If a collision does occur, an automatic post-collision braking system brings the Tiguan to a stop as soon as is possible. Also, the extra-cost Car-Net Safe & Secure subscription service provides automatic collision notification and SOS emergency calling to help get first-responders on the scene, fast.

According to the Insurance Institute for Highway Safety (IIHS), the Tiguan gets a Top Safety Pick rating when equipped with its full LED headlights and adaptive curve lighting. Even without the fancy lighting, the SUV earns top scores in all crash-protection evaluations.

The National Highway Traffic Safety Administration (NHTSA) has not tested the Tiguan for frontal-impact protection. Side-impact protection rates 5 stars, and rollover resistance rates 4 stars. There is a concern associated with side-impact testing, though. The NHTSA says the driver’s door unlatched during the test, increasing the potential for occupant ejection.

Engine/Transmission

As Tiguan owners indicate by ranking the engine and transmission quite low on their lists of their favorite things about this VW, this SUV’s powertrain represents an unfortunate choice. This is especially regretful given how otherwise enjoyable the Tiguan is to drive.

Equipped with a turbocharged 2.0-liter 4-cylinder engine, the Tiguan makes 184 horsepower and 221 lb.-ft. of torque. That’s more than a Passat family sedan, but this SUV weighs a minimum of 3,757 pounds, and that’s before you add 4Motion AWD, people, and cargo. Comparatively speaking, a loaded Passat tips the scales at 3,325 lbs.

Zippy a Tiguan is not, though riding the engine’s wave of turbocharged torque is pleasant enough. For maximum driving satisfaction, you need to put the 8-speed automatic transmission in Sport mode because in Normal mode it tends to pause before supplying a downshift when you push harder on the accelerator pedal.

Volkswagen should offer Tiguan buyers the more powerful turbocharged 2.0-liter 4-cylinder it uses in the larger and heavier Atlas Cross Sport (235 hp/258 lb.-ft.), even if only for sporty R-Line versions. So equipped, the Tiguan would be absolutely brilliant to drive.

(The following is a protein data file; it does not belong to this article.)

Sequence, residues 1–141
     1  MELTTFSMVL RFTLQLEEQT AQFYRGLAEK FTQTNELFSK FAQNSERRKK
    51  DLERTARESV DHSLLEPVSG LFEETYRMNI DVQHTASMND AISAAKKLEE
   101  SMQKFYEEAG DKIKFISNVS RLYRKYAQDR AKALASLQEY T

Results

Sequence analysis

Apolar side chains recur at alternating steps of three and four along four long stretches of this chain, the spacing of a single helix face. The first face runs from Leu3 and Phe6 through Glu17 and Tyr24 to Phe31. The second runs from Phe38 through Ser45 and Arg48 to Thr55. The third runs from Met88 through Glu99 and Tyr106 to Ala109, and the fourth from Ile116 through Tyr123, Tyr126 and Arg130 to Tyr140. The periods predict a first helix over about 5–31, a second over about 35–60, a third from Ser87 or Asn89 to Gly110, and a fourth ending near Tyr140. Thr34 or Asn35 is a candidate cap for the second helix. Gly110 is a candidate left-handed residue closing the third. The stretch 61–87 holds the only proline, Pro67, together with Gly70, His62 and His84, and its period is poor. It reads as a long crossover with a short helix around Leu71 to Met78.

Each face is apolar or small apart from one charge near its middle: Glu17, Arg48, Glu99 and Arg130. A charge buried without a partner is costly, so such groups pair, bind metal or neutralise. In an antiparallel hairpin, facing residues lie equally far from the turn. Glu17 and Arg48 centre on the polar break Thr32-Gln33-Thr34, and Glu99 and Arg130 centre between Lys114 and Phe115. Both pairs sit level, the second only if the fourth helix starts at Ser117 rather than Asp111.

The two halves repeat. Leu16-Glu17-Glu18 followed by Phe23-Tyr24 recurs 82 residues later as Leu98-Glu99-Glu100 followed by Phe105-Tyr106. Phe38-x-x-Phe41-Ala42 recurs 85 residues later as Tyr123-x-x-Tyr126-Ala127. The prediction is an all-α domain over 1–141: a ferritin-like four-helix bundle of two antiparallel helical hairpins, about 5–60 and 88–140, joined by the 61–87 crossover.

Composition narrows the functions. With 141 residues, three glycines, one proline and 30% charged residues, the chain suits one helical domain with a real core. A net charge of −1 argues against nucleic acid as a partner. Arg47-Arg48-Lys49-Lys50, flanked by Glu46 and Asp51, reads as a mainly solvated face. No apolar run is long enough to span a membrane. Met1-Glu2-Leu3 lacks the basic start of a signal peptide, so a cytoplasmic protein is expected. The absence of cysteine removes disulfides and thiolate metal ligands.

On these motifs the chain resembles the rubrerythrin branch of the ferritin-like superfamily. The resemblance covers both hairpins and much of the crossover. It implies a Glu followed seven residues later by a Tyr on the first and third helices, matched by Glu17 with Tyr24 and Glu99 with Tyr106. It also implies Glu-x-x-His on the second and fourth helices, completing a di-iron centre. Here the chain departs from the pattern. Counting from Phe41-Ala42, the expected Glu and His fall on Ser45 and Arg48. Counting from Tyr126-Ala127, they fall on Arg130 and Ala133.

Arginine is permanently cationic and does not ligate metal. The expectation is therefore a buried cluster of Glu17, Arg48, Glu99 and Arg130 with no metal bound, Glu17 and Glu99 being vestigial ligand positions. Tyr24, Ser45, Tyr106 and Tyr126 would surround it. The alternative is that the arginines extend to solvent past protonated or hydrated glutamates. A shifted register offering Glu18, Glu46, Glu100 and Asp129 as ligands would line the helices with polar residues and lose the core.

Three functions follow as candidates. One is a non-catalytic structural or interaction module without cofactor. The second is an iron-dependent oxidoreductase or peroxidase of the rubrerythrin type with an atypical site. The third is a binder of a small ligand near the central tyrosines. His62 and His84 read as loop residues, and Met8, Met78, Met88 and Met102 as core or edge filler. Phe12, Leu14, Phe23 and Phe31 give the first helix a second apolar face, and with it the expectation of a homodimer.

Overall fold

As it stands, the powertrain is to the Tiguan’s driving character what a cold and gray drizzle is on the morning of a planned fun and sunny beach day. Sadly, the company has no plans to change course, either. Volkswagen has already announced that the refreshed 2022 VW Tiguan will have the same powertrain it does today.

Fuel Economy

Tiguan owners are least satisfied with this SUV’s fuel economy. My testing resulted in a 22.2-mpg average on my standard loop, running the Tiguan in Sport mode about half the time. That’s not far below from the EPA estimate of 23 mpg.

Driving Dynamics

In terms of its ride and handling qualities, the Tiguan SEL Premium R-Line is an absolute delight to drive. 

Compliant yet communicative suspension tuning, combined with excellent grip and perfectly quelled body motions, make the SEL Premium R-Line one compact SUV that you can drive hard and fast without suffering typical SUV bugaboos like driver and passenger head toss or sudden weight transfer due to a higher center of gravity. 

Moreover, the Tiguan’s driving character is consistent and predictable, making it easy to trust how the vehicle will behave in a given situation. The steering is quick and sharp and doesn’t require much in the way of mid-corner correction, and the brakes work well in all situations, too.

In the real world where you drive every day, the Tiguan is equally agreeable. Nimble, easy to park, and communicative without suffering much in the way of impact harshness and structural reverberations in spite of the test vehicle’s 20-inch wheels, this SUV is a good companion for daily driving. Plus, its suspension handles speed humps with relative ease.

With more power under the hood, the VW Tiguan would reign supreme as the best-driving compact SUV you can buy from a mainstream brand today – and even when compared to some luxury models.

Final Impressions - Find the best Volkswagen deals!

Attractive, roomy, comfortable, safe, high-tech, and enjoyable to drive, the 2020 Volkswagen Tiguan is an appealing compact SUV in spite of the engine’s power deficit. And that’s an easy fix, if Volkswagen decides to solve for it.

Christian Wardlaw is a veteran digital automotive journalist with over 25 years of experience test-driving vehicles. In addition to JDPower.com, his work has appeared in numerous new- and used-car buying guides, newspapers, and automotive industry trade journals.

The opinions expressed in this review are the author’s own, not J.D. Power’s.

No portion of these reviews may be reproduced, distributed, publicly displayed, or used for a derivative work without J.D. Power’s written permission. © 2020 J.D. Power